We’ve arrived at a fifth (!) film in the underwhelming but money-printing Ice Age series, which means that daycare centers now have a week’s worth of movies to babysit the kids. You can’t accuse the filmmakers of resting on their laurels, however far back you may have to venture to find them: They try hard—piling on the slapstick, subplots, detours and diversions. Some of it’s even inspired and interesting to look at. But for all the effort to put on a show, for all the manic energy and “look at this shiny thing” aesthetic, the movie feels disappointing. Because it is disappointing, and the effort deserves better.
In his never-ending pursuit of that elusive acorn, Scrat the prehistoric squirrel once again sets the story in motion for the main characters with a bit of Looney Tunes-inspired shenanigans. As the accidental pilot of a flying saucer (sure, why not), Scrat unleashes a rock pile of asteroids hurtling toward Earth, including a big one on a direct course for the Ice Age regulars and its slew of newcomers. Recognizing their imminent doom, Manny (Ray Romano), Diego (Denis Leary), Sid (John Leguizamo), Ellie (Queen Latifah) et al follow Buck (Simon Pegg) on a road trip so they can divert the giant rock before it obliterates them.
Buck, the energetic, eye-patch-wearing weasel from the franchise’s Dawn of the Dinosaurs entry, is reintroduced via a swashbuckling musical sequence set to “Figaro’s Aria.” It’s then his job to explain the science at work in the attempt to steer away the asteroid. He gets an assist from the science-y alter ego in his brain, Neil deBuck Weasel (Neil deGrasse Tyson, natch), who’s amusing just to look at. Tyson also provides his unctuous Cosmos-style voice-over about the origins of our solar system. He waxes over the mysteries of the universe while Scrat’s mishaps ricochet the planets like giant billiard balls before they settle into their familiar orbits.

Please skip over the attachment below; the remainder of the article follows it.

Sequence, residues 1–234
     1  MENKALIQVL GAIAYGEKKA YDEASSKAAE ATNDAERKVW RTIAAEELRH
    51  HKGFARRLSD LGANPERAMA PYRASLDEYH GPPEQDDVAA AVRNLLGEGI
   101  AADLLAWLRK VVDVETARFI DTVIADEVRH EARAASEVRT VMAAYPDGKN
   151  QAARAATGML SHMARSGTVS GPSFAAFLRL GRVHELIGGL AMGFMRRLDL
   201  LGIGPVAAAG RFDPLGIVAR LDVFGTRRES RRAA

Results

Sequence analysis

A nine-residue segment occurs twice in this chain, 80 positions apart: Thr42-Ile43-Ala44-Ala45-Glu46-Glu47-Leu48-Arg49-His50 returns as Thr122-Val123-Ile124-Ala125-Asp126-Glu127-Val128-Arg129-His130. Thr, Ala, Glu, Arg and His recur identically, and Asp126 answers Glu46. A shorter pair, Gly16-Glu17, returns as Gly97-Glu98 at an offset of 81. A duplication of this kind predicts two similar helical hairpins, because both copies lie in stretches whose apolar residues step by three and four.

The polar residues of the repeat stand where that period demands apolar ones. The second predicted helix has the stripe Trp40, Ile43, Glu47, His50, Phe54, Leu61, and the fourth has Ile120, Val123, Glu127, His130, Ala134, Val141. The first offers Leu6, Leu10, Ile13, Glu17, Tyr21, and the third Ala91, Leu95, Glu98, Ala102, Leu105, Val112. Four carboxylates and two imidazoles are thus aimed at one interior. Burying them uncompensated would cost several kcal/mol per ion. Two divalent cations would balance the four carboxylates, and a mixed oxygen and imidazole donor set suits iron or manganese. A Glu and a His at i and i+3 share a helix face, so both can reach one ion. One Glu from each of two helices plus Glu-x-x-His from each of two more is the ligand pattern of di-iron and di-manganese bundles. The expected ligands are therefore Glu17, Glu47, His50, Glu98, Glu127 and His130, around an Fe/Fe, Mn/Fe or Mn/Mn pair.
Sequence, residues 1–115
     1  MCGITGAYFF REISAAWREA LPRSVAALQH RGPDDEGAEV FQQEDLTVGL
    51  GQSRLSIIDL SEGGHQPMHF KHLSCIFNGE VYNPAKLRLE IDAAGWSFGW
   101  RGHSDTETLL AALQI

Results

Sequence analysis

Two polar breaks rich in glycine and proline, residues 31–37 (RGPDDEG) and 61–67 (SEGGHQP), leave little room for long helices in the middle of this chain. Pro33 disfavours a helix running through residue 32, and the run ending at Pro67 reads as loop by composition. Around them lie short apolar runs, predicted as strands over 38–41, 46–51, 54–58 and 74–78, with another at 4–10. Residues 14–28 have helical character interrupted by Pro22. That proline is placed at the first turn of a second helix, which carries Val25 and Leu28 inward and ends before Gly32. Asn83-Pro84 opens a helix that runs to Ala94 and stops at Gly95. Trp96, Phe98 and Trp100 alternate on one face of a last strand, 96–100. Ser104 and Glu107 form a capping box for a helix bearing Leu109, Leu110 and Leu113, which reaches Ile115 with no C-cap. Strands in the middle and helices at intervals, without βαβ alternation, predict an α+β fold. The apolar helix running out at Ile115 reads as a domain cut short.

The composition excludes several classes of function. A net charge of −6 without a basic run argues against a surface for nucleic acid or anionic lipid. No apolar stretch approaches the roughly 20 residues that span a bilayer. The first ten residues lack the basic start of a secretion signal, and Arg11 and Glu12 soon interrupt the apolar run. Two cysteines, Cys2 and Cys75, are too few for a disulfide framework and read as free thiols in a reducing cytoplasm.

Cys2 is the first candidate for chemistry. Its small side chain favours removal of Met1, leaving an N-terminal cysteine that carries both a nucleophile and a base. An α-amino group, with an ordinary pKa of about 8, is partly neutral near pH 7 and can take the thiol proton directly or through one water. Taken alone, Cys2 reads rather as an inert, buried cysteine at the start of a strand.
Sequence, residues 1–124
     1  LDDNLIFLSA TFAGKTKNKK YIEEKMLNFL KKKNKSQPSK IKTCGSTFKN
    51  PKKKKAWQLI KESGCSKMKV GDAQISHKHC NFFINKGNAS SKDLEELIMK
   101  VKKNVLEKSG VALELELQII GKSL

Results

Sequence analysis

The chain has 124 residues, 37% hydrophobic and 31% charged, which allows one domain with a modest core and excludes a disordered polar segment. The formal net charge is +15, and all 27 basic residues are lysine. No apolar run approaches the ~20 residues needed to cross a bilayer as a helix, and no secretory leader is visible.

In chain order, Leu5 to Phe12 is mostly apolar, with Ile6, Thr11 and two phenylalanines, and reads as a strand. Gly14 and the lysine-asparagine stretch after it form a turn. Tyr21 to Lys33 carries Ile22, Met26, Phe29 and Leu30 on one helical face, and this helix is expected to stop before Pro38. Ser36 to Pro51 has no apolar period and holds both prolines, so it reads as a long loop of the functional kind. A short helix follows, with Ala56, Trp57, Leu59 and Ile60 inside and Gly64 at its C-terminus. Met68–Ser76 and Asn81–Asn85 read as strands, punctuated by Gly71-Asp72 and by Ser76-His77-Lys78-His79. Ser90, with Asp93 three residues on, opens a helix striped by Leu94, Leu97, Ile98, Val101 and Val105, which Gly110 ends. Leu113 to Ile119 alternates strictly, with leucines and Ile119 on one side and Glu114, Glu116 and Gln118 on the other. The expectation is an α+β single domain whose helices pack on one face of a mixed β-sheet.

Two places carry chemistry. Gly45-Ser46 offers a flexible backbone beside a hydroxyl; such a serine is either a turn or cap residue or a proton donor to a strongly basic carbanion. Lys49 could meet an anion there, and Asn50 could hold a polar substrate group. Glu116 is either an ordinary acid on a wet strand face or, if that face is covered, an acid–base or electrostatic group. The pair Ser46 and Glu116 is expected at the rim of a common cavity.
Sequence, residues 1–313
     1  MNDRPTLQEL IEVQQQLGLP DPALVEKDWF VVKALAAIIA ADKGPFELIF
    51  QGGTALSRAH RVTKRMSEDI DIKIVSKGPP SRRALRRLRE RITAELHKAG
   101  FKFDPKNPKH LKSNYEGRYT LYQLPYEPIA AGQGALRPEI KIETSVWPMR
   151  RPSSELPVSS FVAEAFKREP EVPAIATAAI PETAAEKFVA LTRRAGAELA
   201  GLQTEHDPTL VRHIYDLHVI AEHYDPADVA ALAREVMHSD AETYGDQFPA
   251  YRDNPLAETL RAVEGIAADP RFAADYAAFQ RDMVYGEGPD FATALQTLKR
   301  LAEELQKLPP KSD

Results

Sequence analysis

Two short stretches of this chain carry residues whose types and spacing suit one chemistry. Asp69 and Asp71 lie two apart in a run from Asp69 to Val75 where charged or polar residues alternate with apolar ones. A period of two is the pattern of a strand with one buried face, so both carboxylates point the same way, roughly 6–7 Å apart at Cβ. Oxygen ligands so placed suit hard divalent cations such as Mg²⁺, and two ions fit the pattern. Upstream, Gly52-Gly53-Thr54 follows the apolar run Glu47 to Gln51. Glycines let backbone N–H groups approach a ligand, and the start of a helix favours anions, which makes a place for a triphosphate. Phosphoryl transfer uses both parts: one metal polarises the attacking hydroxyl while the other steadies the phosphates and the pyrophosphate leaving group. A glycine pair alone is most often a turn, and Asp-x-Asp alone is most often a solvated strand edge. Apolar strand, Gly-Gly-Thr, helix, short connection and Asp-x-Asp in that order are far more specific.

While a little of the saber-toothed squirrel goes a long way, seeing Scrat get bounced, pancaked and generally abused is better than being in the company of miserable grumps like Manny (Romano at his nasal-iest and whiniest), still a lumbering, expressionless buzzkill. This time, he gets to feel sorry for himself that his daughter, Peaches (Keke Palmer), is old enough to leave the roost and be with her fiancé, Julian (Adam Devine, channeling Jack Black so fiercely that he should split whatever he got paid for this gig). The film’s writers don’t even bother to make the family’s sitcom troubles—including Manny forgetting his and Ellie’s anniversary—an integral part of the story. Before the series’ creators decide they must give us a sixth installment, they’d do well to consider whether they’re tired of the series regulars and should instead spin off the more interesting ones of recent vintage.
They’re already leaning well in that direction, because the legacy characters in Ice Age: Collision Course take a back seat to a trove of new faces. Their journey includes a visit to the purple-pinkish crystals of Geotopia, where they encounter a new-agey sloth name Brooke (Jessie J), and a “master of meditation” known as the Shangri Llama (Jesse Tyler Ferguson). Those cheering on the asteroid include a family of sadistic dino birds (one voiced by the droll Nick Offerman, who believes he can fly above the impact’s destruction, inheriting whatever’s left of Earth). Give the next movie to these weirdos and, at the very least, they may inherit what’s left of a series that has run its course.
Directors: Michael Thurmeier, Galen Tan Chu
Writers: Michael Wilson, Michael Berg, Yoni Brenner
Starring: Ray Romano, Queen Latifah, Denis Leary, John Leguizamo, Keke Palmer, Adam Devine, Jessie J, Wanda Sykes, Simon Pegg, Jennifer Lopez, Nick Offerman, Seann William Scott, Michael Strahan
Release date: July 22, 2016